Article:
Tuesday, September 16th, 2008
Bear Stearns was swallowed up by JP Morgan. Lehman Bros. is bankrupt. Merrill Lynch was forced to sell. AIG is on the brink. Other banks, funds, and insurers are being forced into massive write-offs, equity raising, and job cuts. Across the pond, Northern Rock has been nationalized, other firms are taking on water, and the City is seeing huge layoffs.
New York, London and other world financial centers are getting ravaged by the financial meltdown. But one that seems to be an exception is Chicago. To date, it would seem that the brunt of the storm is hitting New York and London, where investment banking is concentrated.
It wasn’t too long ago that I thought Chicago’s financial center status was at risk. Its warring exchanges, saddled with legacy mutual structures and open outcry pits were in danger of getting passed by more nimble, electronic European exchanges. With Illinois long a unit banking state, it was never a major commercial banking sector, and its flagship names had fallen prey to outsiders, especially when Bank One (nee First Chicago) was taken over by JP Morgan.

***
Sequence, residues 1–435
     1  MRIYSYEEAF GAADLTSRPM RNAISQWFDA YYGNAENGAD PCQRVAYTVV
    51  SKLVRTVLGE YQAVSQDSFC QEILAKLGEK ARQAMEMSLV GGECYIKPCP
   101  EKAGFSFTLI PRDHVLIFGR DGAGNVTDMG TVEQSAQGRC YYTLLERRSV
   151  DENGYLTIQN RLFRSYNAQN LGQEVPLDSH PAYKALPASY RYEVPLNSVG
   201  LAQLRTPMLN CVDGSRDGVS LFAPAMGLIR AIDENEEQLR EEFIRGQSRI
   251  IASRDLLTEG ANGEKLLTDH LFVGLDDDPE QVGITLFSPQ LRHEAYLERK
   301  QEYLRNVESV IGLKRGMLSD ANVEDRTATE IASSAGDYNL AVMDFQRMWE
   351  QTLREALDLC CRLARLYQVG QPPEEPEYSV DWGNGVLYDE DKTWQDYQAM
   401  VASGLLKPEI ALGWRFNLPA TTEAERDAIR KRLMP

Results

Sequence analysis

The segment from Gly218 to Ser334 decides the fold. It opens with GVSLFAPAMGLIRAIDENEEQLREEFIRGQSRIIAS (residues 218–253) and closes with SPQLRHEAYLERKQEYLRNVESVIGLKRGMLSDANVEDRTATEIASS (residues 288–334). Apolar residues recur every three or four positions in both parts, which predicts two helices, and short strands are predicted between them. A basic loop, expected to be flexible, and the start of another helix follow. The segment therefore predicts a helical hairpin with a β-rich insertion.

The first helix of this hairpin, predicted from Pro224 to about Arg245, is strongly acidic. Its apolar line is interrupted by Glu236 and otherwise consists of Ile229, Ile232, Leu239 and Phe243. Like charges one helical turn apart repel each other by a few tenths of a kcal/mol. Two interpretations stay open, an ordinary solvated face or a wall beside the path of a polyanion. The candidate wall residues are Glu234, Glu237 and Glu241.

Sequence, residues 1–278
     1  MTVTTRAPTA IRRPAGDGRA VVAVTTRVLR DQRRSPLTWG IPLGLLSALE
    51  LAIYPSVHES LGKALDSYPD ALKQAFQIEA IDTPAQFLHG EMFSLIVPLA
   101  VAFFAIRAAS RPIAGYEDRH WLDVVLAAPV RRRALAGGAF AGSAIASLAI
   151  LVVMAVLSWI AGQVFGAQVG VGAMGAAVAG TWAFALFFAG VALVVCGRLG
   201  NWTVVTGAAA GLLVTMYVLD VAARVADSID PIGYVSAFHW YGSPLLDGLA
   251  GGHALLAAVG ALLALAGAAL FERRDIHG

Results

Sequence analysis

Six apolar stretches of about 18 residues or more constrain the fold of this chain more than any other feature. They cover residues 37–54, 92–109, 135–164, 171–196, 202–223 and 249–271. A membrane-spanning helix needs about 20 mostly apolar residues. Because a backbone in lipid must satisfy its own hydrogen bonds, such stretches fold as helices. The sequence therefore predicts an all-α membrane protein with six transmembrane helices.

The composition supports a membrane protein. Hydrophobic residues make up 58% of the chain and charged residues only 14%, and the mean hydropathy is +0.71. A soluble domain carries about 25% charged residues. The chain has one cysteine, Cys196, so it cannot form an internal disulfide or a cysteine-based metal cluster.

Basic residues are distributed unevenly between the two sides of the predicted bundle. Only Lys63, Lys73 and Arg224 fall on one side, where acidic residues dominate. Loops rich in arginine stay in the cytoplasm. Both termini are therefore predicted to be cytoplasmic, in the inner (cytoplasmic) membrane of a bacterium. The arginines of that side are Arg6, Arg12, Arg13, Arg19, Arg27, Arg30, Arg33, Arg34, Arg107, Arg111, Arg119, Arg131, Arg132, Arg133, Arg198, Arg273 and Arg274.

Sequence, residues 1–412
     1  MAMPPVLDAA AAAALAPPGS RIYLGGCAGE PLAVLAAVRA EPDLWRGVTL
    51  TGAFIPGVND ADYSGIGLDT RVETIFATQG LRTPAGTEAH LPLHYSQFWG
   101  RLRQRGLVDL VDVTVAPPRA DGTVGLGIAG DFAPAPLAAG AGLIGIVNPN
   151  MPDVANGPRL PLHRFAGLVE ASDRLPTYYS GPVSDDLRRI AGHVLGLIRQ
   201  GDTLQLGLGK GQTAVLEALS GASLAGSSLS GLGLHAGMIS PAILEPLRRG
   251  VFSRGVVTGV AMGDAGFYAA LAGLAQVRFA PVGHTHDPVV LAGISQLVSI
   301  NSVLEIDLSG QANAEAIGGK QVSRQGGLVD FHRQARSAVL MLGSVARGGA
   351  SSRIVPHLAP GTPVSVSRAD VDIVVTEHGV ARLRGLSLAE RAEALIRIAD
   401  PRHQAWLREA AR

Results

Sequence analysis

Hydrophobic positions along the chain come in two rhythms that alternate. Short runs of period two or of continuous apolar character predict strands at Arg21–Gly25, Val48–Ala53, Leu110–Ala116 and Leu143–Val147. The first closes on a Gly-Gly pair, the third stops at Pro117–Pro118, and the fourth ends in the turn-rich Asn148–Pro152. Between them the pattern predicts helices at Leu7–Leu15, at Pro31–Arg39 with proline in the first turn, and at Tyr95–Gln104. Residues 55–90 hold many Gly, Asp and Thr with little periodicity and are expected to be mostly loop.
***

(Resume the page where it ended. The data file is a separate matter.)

Today, the situation is reversed. The exchange restructured and merged and are stronger than ever. In fact, they are the predators not the prey as they buy out the NYMEX. While still weak in commercial banking, Chicago became home to many hedge funds and VC operations. And it remained a major insurance center with regional companies like Allstate, State Farm, and CNA. While the Chicago financial sector is certainly not immune to the problems in the headlines, it seems on the surface to me that Chicago’s large institutions are coming through in pretty good shape.
Could this portend an increase in Chicago’s relative standing among financial centers? With NYC and London both set for an extensive downsizing of the sector, at least on a cyclical basis, Chicago is going to look like a much bigger player than it did just two years ago. This could end up being a good thing for the city. Despite having a major presence in many sectors, it is really finance that has driven Chicago’s resurgence, as it has that of so many other cities. Keeping strong and a prominent world center in that industry is absolutely critical to Chicago’s continued succeess. So while the crisis will hit the city’s tax coffers and such, hopefully for Chicago it will come through in a strong relative position than it had before.
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Aaron M. Renn is an opinion-leading urban analyst, consultant, speaker, and writer on a mission to help America’s cities thrive and find sustainable success in the 21st century.